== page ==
The Sabin Vaccine Institute is a leading advocate for expanding vaccine access and uptake globally, advancing vaccine research and development, and amplifying vaccine knowledge and innovation. Unlocking the potential of vaccines through partnership, Sabin has built a robust ecosystem of funders, innovators, implementers, practitioners, policy makers and public stakeholders to advance its vision of a future free from preventable diseases. As a non-profit with more than two decades of experience, Sabin is committed to finding solutions that last and extending the full benefits of vaccines to all people, regardless of who they are or where they live. At Sabin, we believe in the power of vaccines to change the world.



Danielle Countryman

Danielle Countryman is an intern with Sabin’s Vaccine Acceptance & Demand (VAD) Initiative and is a second-year MPH student in Global Health Policy at George Washington University. At Sabin, Danielle provides cross-cutting support across numerous research projects on the VAD team. She brings a diverse set of experiences to Sabin, including providing research support to a qualitative investigation of parents of gender minority youth at the George Washington University, assisting university faculty on NIH-funded research projects at the Center on Commercial Determinants of Health, and developing nutrition education resources for the US Department of Agriculture’s Child and Adult Care Food Program’s Spanish-speaking audiences. She also served as an intern with the Congressional Black Caucus Foundation. Originally from Georgia, Danielle earned BAs in Global Health Studies, International Affairs, and Anthropology with a minor in Spanish from Mercer University in Macon, GA.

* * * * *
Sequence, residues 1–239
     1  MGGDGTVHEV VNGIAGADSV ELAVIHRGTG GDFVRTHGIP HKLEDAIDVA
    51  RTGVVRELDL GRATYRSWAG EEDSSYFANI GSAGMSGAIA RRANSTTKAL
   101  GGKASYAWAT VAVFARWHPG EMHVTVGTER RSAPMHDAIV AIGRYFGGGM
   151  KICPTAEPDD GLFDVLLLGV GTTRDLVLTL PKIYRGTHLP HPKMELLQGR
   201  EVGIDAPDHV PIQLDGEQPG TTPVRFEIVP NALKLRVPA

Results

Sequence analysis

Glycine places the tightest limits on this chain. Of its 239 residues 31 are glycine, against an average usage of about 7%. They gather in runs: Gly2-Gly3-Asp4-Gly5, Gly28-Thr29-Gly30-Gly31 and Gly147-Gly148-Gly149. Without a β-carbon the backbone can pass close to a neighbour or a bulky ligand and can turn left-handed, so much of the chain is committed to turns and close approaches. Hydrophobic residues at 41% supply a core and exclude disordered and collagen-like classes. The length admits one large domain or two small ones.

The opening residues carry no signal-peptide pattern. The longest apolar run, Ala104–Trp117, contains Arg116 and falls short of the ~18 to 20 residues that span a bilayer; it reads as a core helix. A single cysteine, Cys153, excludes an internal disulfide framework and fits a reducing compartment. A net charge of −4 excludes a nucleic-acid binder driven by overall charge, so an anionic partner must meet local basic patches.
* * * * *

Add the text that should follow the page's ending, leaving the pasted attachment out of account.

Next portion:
Danielle Countryman

Theresa Sommers, PhD, MPH

Theresa Sommers is the Senior Manager of Research for the Vaccine Acceptance & Demand (VAD) Initiative at the Sabin Vaccine Institute where she manages the Social and Behavioral Research Grants program and supports research-related activities and investments on the VAD team. Her background spans infectious disease programming and policy, including pandemic preparedness and response, with various organizations (WHO, CDC, USAID) and academia, as well as community-based qualitative health research focused on migration, social determinants of health, health equity, and gender in Sub Saharan Africa and the southern US. She has been adjunct faculty of multiple universities for over six years, teaching both undergraduate and graduate-level courses in global health, research methods, and research ethics. Theresa earned a PhD in Global Governance and Human Security, with a Global Health focus, from the University of Massachusetts Boston, where her dissertation looked at social determinants of health among youth migrants in Johannesburg, South Africa. She also holds an MPH in International Health from Boston University and a BA in International Relations from Wellesley College.
Theresa Sommers, PhD, MPH